WHAT ARE THE MAIN REQUIREMENTS FOR THE COMMUNICATION USING RF?

RF Transmitter RF Receiver Encoder and Decoder

RF TRANSMITTER STT-433MHz:

STT-433 MHz TRANSMITTER

FACTORS INFLUENCED TO CHOOSE STT-433MHz ABOUT THE TRANSMITTER: The STT-433 is ideal for remote control applications where low cost and longer range is required. The transmitter operates from a1.5-12V supply, making it ideal for battery-powered applications. The transmitter employs a SAW-stabilized oscillator, ensuring accurate frequency control for best range performance. The manufacturing-friendly SIP style package and low-cost make the STT-433 suitable for high volume applications.

Features

433.92 MHz Frequency Low Cost 1.5-12V operation Small size

PIN DESCRIPTION:

GND Transmitter ground. Connect to ground plane DATA Digital data input. This input is CMOS compatible and should be driven with CMOS level inputs.

VCC Operating voltage for the transmitter. VCC should be bypassed with a .01uF ceramic capacitor and filtered with a 4.7uF tantalum capacitor. Noise on the power supply will degrade transmitter noise performance. ANT 50 ohm antenna output. The antenna port impedance affects output power and harmonic emissions. Antenna can be single core wire of approximately 17cm length or PCB trace antenna.

APPLICATION:

The typical connection shown in the above figure cannot work exactly at all times because there will be no proper synchronization between the transmitter and the microcontroller unit. i.e., whatever the microcontroller sends the data to the transmitter, the transmitter is not able to accept this data as this will be not in the radio frequency range. Thus, we need an intermediate device which can accept the input from the microcontroller, process it in the range of radio frequency range and then send it to the transmitter. Thus, an encoder is used.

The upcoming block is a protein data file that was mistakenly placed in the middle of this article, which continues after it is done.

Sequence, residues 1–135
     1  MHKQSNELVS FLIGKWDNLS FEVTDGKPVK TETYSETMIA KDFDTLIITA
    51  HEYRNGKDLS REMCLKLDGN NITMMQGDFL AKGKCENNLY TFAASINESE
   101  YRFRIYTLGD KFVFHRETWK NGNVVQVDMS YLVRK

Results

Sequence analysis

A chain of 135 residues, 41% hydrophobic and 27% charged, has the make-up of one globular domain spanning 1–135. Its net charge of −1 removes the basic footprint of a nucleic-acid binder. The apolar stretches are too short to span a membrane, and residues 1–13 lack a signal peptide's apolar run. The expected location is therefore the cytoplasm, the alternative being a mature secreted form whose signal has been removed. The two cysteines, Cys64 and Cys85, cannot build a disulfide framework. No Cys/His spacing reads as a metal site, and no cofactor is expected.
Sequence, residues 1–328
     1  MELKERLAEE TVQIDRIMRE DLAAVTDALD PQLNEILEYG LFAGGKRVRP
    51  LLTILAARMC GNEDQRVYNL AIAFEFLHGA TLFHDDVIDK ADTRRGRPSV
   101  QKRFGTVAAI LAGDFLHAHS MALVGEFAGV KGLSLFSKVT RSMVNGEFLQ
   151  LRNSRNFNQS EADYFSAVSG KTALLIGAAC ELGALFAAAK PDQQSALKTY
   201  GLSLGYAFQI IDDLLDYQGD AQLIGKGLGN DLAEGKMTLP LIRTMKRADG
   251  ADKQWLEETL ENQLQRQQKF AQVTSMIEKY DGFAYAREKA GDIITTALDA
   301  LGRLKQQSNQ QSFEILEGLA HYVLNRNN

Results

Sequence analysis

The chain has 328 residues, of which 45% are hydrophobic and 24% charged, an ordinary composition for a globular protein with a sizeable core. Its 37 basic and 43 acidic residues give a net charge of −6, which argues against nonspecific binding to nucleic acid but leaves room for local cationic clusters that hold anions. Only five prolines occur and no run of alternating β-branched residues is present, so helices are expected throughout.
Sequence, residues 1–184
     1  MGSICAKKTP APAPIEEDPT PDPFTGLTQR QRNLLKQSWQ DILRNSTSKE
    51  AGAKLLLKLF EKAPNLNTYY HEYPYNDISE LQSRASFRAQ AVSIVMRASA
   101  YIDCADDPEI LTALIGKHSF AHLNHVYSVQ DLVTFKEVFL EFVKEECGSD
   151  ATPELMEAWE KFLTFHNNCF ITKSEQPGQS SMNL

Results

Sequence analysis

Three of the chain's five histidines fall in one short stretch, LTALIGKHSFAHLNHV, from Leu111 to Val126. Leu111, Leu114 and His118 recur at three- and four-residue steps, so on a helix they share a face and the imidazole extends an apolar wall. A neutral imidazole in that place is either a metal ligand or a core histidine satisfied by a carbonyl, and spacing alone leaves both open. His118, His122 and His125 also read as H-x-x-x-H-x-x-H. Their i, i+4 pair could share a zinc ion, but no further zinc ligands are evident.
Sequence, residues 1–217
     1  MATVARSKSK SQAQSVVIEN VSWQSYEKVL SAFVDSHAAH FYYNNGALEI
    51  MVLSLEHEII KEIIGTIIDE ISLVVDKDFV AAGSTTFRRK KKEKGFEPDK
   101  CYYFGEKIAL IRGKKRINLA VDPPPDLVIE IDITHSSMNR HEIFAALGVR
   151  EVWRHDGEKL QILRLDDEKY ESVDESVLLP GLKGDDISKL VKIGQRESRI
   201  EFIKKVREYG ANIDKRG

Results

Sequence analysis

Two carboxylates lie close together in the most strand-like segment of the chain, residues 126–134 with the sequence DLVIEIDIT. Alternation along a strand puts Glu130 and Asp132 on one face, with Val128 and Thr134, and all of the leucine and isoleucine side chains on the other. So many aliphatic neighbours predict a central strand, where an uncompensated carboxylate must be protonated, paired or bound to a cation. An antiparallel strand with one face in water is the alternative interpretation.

The encoder used here is HT12E from HOLTEK SEMICONDUCTORS INC. The HT 12E Encoder ICs are series of CMOS LSIs for Remote Control system applications. They are capable of Encoding 12 bit of information which consists of N address bits and 12-N data bits. Each address/data input is externally trinary programmable if bonded out.

ENCODER HT12E:

PIN DESCRIPTION:

PIN DESCRIPTION:

Information word IfL/MB=1 the device is in the latch mode(for use with the latch type of d a t a d e c o d e r s ) . W h e n t h e t r a n s - mission enable is removed during a transmission, the DOUT pin outputs a complete word and then s t o p s . O n t h e o t h e r h a n d , i f L / M B = 0 t h e d e v i c e i s i n t h e m o m e n t a r y m o d e ( f o r u s e w i t h t h e m o m e n t a r y type of data decoders). When the transmission enable is removed during a transmission, the DOUT outputs a complete word and then adds 7 words all with the 1 data code. An information word consists of 4 periods as illustrated below.

Address/data waveform Each programmable address/ data can be externally set to one of the following two logic states as shown below

Transmission enable